Two California plastics companies have been fined $67,900 by the U.S. Environmental Protection Agency for improper pollution controls that likely resulted in discharges of plastic pellets into storm drains and local waterways.
Direct Pack Inc., of Sun Valley, Calif., agreed to pay a $42,900 fine and Western States Packaging, of Pacoima, Calif., agreed to pay $25,000, under settlement agreements with the government, EPA said in a July 13 news release. The agency said both companies are now in compliance.
EPA said that December 2015 inspections at each facility found violations of the federal Clean Water Act that likely resulted in pellets, which it calls nurdles, getting into storm drains that ultimately feed into the Los Angeles River.
"It is essential that manufacturers take proper steps to prevent nurdles from polluting surrounding waterways and harming local wildlife," said Alexis Strauss, EPA's acting regional administrator for the Pacific Southwest.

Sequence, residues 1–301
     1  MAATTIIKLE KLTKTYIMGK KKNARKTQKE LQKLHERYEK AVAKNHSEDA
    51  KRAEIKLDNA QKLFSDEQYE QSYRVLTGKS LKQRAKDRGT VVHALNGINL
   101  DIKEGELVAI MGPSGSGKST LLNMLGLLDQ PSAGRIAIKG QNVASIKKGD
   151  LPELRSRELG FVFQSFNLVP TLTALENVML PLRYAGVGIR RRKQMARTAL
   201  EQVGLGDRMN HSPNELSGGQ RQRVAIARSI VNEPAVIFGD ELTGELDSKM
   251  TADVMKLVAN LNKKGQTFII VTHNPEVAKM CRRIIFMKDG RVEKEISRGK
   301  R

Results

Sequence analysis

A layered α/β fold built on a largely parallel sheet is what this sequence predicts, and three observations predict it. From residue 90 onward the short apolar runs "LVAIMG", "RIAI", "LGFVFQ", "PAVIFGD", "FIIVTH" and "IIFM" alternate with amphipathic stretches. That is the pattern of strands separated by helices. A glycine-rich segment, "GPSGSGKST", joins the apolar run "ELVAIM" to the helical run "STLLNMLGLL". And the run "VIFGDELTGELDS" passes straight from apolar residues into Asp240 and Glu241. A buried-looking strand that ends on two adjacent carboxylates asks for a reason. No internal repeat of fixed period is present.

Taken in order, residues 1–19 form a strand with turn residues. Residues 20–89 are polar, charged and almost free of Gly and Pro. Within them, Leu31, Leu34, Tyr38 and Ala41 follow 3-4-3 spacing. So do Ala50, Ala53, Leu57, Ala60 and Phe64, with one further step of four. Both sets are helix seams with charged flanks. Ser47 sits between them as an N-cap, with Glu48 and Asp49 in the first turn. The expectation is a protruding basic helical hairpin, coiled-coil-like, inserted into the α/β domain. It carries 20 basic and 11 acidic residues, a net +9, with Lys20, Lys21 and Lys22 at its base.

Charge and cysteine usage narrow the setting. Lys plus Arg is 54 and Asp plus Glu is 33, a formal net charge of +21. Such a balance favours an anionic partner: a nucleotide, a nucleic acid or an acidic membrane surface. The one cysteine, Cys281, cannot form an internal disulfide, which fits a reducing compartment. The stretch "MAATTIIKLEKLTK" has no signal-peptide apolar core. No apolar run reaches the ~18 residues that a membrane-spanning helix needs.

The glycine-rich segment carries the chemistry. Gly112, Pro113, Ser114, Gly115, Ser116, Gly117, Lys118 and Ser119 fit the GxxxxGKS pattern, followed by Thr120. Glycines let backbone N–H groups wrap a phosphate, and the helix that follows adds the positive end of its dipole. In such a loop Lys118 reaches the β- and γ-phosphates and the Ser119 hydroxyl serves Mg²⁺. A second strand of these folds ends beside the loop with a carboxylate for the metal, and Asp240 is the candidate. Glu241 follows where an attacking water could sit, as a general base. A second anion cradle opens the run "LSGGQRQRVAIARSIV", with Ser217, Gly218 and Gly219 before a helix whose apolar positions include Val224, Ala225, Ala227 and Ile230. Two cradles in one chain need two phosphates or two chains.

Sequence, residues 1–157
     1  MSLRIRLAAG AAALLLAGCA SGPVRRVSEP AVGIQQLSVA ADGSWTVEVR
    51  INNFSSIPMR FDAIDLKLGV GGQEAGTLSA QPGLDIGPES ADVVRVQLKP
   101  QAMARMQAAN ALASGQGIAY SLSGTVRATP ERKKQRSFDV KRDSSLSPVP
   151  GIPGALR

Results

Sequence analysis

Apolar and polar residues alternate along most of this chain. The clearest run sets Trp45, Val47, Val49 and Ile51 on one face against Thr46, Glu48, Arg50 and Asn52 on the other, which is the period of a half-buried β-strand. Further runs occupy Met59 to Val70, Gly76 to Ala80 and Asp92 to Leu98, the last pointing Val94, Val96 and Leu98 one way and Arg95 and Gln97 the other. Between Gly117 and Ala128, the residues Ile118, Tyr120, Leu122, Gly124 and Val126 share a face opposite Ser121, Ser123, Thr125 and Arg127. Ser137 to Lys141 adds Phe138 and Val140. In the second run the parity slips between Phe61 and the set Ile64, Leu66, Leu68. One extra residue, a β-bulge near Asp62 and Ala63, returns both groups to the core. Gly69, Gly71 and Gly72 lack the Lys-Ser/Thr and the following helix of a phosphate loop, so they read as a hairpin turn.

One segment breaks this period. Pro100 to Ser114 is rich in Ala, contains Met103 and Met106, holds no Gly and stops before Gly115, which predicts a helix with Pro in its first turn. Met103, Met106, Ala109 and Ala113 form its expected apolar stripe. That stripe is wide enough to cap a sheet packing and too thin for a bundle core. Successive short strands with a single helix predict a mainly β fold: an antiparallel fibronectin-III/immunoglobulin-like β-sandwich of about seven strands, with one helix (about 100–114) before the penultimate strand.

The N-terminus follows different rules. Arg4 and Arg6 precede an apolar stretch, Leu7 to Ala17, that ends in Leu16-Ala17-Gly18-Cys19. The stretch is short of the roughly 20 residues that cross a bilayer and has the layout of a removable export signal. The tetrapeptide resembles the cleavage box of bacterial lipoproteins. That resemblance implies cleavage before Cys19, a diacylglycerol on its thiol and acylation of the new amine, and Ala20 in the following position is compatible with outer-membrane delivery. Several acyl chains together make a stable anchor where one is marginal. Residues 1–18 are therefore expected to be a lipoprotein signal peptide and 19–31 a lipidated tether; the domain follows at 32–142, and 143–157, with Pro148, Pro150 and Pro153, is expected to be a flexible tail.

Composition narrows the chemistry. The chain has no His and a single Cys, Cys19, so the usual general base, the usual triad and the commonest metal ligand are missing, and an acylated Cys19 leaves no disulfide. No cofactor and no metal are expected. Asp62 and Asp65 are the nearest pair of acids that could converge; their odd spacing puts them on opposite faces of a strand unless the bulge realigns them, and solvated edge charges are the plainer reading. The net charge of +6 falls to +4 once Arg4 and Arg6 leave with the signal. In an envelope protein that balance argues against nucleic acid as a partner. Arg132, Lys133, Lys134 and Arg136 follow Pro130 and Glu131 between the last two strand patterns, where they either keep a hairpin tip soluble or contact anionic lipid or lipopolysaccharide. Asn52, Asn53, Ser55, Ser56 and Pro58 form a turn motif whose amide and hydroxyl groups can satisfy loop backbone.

EPA inspected the facilities at the request of the California Environmental Protection Agency and the Regional Water Quality Control Board, in support of the state government's environmental justice enforcement initiative in Los Angeles.
EPA said in its agreement with Direct Pack that the company was operating without a proper permit to discharge industrial wastewater and did not use proper capturing devices and containment systems to trap plastic, along with improper storage of chemicals and not maintaining equipment.
Western States did not have the proper stormwater permit, and EPA said in that settlement agreement that staff observed spilled plastic pellets on paved surfaces throughout the facility, without proper control measures in place.